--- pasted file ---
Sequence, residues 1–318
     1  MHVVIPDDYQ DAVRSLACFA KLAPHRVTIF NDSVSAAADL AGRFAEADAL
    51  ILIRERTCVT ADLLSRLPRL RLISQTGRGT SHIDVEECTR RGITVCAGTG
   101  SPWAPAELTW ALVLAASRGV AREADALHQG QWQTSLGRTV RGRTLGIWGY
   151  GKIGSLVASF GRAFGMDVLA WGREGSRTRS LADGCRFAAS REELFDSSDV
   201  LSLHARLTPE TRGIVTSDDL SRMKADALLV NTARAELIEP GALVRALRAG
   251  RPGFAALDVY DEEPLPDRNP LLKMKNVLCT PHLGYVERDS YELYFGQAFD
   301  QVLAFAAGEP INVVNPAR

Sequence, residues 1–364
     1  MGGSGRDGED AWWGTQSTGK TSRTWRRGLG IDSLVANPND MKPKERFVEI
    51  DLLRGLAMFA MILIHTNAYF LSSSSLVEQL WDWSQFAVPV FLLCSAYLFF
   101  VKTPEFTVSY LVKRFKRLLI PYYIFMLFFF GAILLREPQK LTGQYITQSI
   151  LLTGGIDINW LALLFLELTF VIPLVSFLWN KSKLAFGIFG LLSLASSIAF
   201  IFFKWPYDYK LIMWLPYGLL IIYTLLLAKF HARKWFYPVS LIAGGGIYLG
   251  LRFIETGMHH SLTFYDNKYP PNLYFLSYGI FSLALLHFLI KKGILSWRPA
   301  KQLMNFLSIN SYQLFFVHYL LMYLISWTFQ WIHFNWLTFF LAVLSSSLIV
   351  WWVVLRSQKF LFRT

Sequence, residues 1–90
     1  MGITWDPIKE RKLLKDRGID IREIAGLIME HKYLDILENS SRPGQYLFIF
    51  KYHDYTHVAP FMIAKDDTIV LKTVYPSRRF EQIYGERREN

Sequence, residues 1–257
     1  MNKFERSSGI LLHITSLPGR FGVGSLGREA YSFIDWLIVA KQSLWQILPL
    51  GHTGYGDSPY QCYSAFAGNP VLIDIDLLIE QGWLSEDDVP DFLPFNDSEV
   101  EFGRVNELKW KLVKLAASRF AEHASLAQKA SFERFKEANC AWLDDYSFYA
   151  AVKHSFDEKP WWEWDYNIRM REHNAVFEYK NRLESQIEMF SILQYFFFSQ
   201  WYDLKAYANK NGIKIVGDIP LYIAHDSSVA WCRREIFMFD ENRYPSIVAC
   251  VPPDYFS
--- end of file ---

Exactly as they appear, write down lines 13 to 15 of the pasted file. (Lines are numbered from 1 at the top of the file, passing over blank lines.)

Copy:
   151  LLTGGIDINW LALLFLELTF VIPLVSFLWN KSKLAFGIFG LLSLASSIAF
   201  IFFKWPYDYK LIMWLPYGLL IIYTLLLAKF HARKWFYPVS LIAGGGIYLG
   251  LRFIETGMHH SLTFYDNKYP PNLYFLSYGI FSLALLHFLI KKGILSWRPA